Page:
The Psychos at OSU are at it again: Pls Write!
- The Psychos at OSU are at it again: Pls Write! (See links and
sample comments below)
PLEASE WRITE AND FORWARD WIDELY!
Opportunity #1) Please send a letter to the editor any of the
newspapers published in Ohio by going to this link and and typing in
the OSU zip code of 43210:
Opportunity #2) Please comment on the recent article published in
OSU paper, The Lantern.
Note they did not cover our demonstration on Thursday, Oct 11th.
Maybe note there is another demonstration on Saturday, October 27th
at Noon being held at the Vet Clinic.
ISSUE: Researchers study drug for feline virus
Issue date: 10/15/07
Researchers at Ohio State will spend the next two years testing
their theories about how an AIDS-like virus in cats is able to
resist the powerful medicines that are thrown against it. It's one
of the latest efforts at understanding one of the leading problem
areas in medicine today - antimicrobial drug resistance.
When bacteria or viruses become resistant to drugs, they become more
difficult, or even impossible, to treat. If successful, the research
could pave the way to smarter, more effective treatments for a host
of pathogens that have learned to resist most therapeutic efforts.
Lawrence Mathes, OSU professor of veterinary biosciences and
associate dean for research and graduate studies in the College of
Veterinary Medicine, is the principal investigator on the project.
Please write your own letters. Sample comments include:
"Ask the experimenters why they experiment on animals, and the
answer is: 'Because the animals are like us.' Ask the experimenters
why it is morally OK to experiment on animals, and the answer
is: 'Because the animals are not like us.' Animal experimentation
rests on a logical contradiction."
-Professor Charles R. Magel
Using animals for medical conclusions in humans is morally
reprehensible and intellectually lazy.
The most significant trend in modern research in recent years has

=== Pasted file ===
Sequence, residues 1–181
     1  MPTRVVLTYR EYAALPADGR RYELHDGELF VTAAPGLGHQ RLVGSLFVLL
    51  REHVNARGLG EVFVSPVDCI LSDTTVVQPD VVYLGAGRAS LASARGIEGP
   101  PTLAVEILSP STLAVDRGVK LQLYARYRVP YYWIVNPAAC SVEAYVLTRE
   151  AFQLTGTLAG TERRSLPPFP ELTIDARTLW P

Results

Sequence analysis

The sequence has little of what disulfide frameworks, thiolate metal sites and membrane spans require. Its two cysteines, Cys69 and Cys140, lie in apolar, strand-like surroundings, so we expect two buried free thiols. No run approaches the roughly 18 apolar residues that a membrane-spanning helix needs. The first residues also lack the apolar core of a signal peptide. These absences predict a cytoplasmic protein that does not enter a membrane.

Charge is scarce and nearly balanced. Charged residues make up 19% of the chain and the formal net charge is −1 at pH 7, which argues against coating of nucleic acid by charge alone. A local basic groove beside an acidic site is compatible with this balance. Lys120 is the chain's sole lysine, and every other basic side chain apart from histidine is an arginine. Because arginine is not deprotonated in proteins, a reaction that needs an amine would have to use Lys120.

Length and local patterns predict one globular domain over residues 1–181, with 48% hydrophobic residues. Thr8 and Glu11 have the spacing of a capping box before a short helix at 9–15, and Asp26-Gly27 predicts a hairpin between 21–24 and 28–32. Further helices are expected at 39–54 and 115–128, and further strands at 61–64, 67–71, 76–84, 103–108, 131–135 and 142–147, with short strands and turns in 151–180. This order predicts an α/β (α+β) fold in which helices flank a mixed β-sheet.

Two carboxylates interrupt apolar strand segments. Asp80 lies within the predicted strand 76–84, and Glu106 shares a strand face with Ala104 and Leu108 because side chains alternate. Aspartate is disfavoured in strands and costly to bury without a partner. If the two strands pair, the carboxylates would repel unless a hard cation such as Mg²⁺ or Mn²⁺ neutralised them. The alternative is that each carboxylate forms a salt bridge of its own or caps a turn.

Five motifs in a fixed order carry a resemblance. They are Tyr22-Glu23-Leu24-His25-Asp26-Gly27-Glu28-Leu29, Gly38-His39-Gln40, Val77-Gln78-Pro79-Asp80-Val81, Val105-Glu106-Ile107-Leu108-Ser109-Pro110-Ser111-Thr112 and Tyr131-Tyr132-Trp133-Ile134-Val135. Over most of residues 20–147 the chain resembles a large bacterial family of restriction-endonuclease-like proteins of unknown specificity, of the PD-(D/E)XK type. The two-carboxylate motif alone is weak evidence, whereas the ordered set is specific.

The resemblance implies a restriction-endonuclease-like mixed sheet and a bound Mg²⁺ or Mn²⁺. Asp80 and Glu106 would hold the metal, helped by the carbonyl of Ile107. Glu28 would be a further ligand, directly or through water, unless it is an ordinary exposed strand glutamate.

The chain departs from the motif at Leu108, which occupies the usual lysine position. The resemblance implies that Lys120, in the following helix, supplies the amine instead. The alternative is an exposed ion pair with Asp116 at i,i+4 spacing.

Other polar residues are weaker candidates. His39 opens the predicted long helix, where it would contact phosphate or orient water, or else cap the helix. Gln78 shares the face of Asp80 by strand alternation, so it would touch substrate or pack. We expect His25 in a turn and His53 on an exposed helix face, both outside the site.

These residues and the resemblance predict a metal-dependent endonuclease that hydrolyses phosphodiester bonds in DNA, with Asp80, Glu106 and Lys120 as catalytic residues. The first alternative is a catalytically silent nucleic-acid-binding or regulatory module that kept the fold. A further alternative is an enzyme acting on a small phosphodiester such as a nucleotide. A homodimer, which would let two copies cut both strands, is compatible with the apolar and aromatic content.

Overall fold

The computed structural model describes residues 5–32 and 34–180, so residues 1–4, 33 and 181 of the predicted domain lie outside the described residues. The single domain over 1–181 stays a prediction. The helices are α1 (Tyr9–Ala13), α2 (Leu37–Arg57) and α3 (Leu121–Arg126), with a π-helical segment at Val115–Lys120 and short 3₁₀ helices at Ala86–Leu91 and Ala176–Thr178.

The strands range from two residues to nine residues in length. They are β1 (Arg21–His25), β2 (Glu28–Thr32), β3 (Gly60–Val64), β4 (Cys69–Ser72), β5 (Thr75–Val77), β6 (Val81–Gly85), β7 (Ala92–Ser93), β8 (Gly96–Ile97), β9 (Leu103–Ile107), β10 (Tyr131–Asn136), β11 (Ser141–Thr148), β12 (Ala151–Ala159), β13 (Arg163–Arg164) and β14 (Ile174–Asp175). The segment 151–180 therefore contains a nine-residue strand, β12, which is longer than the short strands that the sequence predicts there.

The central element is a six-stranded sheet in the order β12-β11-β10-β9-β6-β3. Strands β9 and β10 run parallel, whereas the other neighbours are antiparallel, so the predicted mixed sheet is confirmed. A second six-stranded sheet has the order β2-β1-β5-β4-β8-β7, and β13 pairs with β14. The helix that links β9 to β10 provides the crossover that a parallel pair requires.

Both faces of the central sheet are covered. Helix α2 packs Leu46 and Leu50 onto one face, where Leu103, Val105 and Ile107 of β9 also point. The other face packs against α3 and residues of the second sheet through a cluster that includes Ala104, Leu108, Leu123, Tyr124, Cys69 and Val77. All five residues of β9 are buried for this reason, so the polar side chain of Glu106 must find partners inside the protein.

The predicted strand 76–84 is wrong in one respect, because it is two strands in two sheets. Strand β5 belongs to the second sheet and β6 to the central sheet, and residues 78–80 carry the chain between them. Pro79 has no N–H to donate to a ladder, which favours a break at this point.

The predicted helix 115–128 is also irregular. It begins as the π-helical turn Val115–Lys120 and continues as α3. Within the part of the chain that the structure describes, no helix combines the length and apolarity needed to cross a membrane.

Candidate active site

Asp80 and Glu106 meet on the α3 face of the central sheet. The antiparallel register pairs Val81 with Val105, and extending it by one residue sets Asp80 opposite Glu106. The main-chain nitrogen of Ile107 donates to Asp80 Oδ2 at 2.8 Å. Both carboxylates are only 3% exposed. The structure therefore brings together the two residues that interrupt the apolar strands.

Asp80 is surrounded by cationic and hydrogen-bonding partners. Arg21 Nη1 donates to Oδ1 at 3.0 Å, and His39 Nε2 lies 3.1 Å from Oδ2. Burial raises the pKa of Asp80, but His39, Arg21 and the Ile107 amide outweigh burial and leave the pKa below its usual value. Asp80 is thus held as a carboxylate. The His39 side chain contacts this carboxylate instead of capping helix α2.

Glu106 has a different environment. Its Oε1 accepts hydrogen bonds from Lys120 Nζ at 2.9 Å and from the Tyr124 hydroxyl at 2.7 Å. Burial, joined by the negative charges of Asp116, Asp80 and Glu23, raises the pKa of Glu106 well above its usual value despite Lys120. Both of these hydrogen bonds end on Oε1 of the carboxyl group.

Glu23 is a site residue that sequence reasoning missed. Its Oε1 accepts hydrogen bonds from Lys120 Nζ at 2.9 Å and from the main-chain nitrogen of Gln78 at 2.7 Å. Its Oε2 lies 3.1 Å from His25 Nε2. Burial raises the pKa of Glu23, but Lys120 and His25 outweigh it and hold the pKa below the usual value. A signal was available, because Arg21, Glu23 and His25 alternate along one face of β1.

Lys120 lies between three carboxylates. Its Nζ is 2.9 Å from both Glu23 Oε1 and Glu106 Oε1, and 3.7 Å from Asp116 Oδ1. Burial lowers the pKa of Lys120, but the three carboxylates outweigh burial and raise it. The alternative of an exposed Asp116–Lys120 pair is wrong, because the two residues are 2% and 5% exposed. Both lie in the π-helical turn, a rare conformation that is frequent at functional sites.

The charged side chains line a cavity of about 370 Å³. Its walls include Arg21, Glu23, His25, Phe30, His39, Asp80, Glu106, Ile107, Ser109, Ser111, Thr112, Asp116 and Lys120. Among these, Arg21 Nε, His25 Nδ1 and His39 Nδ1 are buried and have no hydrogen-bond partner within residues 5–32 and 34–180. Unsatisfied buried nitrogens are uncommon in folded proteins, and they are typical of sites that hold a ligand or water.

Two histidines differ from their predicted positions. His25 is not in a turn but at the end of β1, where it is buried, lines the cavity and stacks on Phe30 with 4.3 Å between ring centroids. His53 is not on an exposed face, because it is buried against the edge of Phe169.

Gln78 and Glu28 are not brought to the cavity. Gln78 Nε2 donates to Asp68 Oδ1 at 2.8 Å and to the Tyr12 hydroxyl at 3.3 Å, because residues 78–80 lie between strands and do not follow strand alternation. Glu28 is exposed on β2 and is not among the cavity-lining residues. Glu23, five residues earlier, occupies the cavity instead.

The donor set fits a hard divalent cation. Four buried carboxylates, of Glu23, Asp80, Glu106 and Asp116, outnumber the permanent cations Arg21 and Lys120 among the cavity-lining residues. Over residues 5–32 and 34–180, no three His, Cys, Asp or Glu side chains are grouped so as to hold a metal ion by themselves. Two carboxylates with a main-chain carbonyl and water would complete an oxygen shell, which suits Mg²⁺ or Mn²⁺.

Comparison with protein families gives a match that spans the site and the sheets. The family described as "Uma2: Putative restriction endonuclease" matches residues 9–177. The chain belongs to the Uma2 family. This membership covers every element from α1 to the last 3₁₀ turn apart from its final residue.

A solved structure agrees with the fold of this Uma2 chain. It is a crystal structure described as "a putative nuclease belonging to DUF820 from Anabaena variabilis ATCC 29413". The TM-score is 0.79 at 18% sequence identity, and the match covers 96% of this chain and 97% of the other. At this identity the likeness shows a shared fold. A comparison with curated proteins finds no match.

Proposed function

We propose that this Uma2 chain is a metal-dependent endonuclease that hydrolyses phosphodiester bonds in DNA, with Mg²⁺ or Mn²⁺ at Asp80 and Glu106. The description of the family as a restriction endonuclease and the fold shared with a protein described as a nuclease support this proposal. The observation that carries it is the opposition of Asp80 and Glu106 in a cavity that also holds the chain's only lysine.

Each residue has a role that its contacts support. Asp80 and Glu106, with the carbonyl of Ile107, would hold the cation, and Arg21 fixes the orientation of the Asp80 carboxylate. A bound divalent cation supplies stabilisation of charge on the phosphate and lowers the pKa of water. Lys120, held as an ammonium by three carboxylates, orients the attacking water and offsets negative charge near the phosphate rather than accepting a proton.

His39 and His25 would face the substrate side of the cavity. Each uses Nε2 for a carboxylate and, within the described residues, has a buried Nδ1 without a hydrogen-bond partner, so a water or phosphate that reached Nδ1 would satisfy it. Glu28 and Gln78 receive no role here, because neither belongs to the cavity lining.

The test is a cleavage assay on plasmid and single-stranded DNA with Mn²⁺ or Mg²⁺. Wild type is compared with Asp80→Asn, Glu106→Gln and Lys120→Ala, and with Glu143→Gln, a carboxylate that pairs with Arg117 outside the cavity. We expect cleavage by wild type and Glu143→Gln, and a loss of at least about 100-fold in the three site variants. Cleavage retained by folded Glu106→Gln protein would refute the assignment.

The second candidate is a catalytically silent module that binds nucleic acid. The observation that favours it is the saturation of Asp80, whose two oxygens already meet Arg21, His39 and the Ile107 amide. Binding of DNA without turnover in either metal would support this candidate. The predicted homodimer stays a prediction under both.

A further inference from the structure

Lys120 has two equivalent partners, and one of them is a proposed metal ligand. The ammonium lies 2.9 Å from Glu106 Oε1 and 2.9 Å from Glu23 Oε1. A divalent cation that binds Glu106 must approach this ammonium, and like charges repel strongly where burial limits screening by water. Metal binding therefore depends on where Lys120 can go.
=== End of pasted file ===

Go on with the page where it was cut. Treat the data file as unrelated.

been the recognition that animals are rarely good models for the
human body. Studies have shown time and again that researchers are
often wasting lives, both animal and human, and precious resources
by trying to infect animals with diseases that they would never
normally contract. As Dr. Richard Klausner of the National Cancer
Institute admitted, "The history of cancer research has been a
history of curing cancer in the mouse. We have cured mice of cancer
for decades, and it simply didn't work in humans."
The world's most forward-thinking scientists have accepted this and
moved on to other methods of studying disease. The National Cancer
Institute now uses human cancer cells, taken by biopsy during
surgery, to perform first-stage testing for its new anti-cancer
drugs, sparing the million mice it used to use every year and giving
us a much better shot at combating cancer.
Animal experimentation is a multibillion-dollar industry fueled by
massive public funding and involving a complex web of corporate,
government, and university laboratories, cage and food
manufacturers, and animal breeders, dealers, and transporters. The
industry and its people profit because animals, who cannot defend
themselves against abuse, are legally imprisoned and exploited.
Ray Greek, MD writes: Investing AIDS research dollars in lab animal
science is wasteful and keeps AIDS patients ill. Anyway, animals are
not our only test-beds for development of AIDS therapies and a
vaccine. As many as 34 million humans are infected with HIV
worldwide. Blood cells from these unfortunate people serve as our
most illuminating research material.
In vitro research on human blood cells, not animal experimentation,
revealed the following idiosyncrasies. HIV's efficiency in humans
relies on very specific and minuscule aspects of human white blood
cells called helper T-cells. These cells have portals on their
surface called receptors. These receptors work in tandem with
precise proteins to invite HIV into the white blood cell where the
virus then reproduces. Receptors can be very species-specific and
sometimes vary even within species, which explains why chimpanzees
and even some people whose helper T-cells are exposed to HIV never
progress to AIDS.
HIV-infected humans who do not progress to AIDS offer very good
insights into possible ways of countermanding the disease. Their
identity is epidemiologically derived, and in vitro research has
isolated the human gene believed responsible for their immunity. The
sequencing of the HIV genome was also accomplished via in vitro
research. The animal experimentation community claims that AZT and
other anti-AIDS medications were developed as a result of animal
experiments. However, a look at the history of these drugs'
development proves the contrary. All this human data has reliably
informed the development of HIV medications and the effort to
produce a vaccine.
AIDS kills at the cellular level in humans, and that is where it
needs to be studied. According to one scientist, we will only know
which animal model is useful after "we understand the pathogenesis
of AIDS, and when we have the vaccines and therapies to prevent it."
Why would we need the animal model if we already have the cure?